3 ways to encourage continuous learning
How do you build this energy? A key ingredient is the journey – setting an ambitious but reachable target. When individuals and organizations are on a journey, they have high energy levels. This journey is also very much about learning, and learning turns into a competitive edge.
Our quality as a workplace and our competitiveness in the market depend on how quickly we learn as an organization. Unless we can outlearn our competition, we will not be in the race.
Here are three ways to ensure that your people are continuously learning:
1. Break your bubbles
Knowledge management has long been one of the most challenging problems organizations face. Most companies contain huge amounts of knowledge that people have no access to. Employees operate in small bubbles, with easy access to knowledge from close contacts but little access to anything outside their bubbles.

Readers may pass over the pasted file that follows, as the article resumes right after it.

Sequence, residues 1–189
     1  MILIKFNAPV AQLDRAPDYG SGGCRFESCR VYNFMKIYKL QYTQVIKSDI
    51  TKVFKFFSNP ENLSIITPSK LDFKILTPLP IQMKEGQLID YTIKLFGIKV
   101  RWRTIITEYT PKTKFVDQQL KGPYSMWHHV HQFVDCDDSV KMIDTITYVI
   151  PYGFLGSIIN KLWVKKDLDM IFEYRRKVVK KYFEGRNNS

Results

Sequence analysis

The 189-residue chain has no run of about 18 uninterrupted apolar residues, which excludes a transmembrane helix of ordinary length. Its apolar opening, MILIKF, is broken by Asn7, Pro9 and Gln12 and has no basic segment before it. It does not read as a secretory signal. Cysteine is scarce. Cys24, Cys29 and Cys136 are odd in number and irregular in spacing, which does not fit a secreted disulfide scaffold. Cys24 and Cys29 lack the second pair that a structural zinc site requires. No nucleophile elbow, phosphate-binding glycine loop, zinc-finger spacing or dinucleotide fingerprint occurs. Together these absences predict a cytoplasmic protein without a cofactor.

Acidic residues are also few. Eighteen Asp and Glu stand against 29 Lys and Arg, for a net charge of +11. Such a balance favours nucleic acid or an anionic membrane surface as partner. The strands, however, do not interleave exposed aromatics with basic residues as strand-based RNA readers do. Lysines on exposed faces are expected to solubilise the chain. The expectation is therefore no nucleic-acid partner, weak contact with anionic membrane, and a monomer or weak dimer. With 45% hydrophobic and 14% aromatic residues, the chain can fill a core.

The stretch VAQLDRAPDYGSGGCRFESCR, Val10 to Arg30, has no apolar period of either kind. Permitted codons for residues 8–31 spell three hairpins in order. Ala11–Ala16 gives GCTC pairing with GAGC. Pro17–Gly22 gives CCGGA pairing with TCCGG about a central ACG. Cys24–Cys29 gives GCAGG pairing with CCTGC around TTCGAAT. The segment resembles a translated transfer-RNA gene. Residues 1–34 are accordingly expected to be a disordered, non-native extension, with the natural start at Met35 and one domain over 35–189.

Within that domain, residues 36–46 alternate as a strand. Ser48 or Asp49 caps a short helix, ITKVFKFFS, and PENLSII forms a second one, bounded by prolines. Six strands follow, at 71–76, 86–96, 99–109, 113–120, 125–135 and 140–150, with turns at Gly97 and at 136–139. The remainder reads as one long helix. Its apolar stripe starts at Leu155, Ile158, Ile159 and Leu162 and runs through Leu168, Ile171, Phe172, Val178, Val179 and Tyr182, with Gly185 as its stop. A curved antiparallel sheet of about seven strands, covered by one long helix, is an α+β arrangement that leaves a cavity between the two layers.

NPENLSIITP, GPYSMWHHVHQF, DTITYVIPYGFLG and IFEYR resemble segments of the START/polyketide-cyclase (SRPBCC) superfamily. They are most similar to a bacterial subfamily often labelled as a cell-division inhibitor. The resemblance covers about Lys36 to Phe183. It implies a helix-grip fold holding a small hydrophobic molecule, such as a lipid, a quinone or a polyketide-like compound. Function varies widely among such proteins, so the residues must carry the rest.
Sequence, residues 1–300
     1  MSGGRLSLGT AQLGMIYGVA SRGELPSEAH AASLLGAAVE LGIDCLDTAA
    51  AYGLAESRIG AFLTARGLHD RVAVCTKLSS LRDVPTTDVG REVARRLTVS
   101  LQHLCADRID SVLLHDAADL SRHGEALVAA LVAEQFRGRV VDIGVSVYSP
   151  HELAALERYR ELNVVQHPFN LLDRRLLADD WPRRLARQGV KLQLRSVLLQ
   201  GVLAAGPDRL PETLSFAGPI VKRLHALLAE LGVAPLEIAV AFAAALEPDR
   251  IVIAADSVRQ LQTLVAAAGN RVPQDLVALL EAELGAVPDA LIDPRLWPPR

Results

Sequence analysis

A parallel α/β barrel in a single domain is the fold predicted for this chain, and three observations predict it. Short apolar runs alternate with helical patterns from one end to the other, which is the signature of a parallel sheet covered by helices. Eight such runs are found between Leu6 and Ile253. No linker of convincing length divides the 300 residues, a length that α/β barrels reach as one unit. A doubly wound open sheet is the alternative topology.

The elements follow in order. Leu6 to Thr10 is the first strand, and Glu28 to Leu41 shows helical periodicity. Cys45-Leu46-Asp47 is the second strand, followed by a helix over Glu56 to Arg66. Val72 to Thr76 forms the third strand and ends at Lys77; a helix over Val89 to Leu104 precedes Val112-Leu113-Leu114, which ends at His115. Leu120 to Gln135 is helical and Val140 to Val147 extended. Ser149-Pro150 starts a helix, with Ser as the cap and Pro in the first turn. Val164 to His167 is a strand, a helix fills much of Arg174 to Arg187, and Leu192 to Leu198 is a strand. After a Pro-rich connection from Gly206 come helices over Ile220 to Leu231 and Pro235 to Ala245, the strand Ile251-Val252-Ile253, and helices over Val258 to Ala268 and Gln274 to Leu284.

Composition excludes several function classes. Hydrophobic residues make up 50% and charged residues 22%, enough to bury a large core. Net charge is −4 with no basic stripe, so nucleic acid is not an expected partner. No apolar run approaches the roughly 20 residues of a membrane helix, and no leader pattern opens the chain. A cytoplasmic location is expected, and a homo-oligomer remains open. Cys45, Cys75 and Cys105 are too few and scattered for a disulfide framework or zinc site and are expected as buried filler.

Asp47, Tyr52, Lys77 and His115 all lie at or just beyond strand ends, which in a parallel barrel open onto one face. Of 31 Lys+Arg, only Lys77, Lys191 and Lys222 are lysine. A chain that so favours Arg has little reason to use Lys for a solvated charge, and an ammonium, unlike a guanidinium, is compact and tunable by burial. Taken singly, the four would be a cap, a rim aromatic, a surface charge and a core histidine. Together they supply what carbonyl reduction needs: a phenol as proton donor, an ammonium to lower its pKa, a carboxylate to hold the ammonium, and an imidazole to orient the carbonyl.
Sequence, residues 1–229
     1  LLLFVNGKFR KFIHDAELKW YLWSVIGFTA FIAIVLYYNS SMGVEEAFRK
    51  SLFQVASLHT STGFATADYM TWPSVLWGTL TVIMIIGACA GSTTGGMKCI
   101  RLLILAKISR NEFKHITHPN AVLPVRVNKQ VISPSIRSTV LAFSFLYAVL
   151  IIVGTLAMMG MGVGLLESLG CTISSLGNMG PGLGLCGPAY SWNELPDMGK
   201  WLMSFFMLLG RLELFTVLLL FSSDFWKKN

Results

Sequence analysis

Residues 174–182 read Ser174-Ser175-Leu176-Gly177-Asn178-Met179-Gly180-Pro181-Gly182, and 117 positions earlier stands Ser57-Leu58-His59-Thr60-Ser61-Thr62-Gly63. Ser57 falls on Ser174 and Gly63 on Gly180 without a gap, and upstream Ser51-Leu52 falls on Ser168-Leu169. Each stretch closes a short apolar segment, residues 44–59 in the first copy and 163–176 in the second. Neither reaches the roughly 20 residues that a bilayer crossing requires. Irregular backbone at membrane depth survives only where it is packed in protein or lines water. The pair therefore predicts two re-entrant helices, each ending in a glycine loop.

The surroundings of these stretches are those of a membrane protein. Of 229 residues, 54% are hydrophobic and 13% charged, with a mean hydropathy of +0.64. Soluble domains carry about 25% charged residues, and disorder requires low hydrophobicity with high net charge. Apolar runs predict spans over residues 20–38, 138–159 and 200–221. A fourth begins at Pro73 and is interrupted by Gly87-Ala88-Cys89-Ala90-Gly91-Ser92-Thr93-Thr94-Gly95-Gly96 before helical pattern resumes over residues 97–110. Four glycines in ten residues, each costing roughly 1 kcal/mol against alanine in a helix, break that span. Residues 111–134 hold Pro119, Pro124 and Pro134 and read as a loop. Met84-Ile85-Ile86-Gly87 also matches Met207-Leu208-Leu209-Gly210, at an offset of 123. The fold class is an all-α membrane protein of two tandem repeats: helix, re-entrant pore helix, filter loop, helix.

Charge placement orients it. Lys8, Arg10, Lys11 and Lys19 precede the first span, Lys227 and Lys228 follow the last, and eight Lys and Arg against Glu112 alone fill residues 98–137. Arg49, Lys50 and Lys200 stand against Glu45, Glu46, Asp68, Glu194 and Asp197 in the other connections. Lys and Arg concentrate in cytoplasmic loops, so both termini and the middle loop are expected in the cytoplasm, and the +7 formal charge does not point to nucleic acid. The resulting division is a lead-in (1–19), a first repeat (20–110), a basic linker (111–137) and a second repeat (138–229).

Many organizations operate more like groups of small companies than one company with multiple knowledge resources available. This leads to problems in performance, efficiency, and effectiveness. It also makes it difficult for individuals to learn, because one of the most effective ways to learn is from colleagues – or better yet, from situations in which knowledge is added to the workflow at the right time.
The inability to tap into organizational knowledge and the skills of others also affects how your employees are assigned to projects: People work harder and have more energy when they are working on things that they feel passionate about. Manual knowledge management systems are often used to address this problem, but people often fail to provide the specific information necessary to make these systems effective.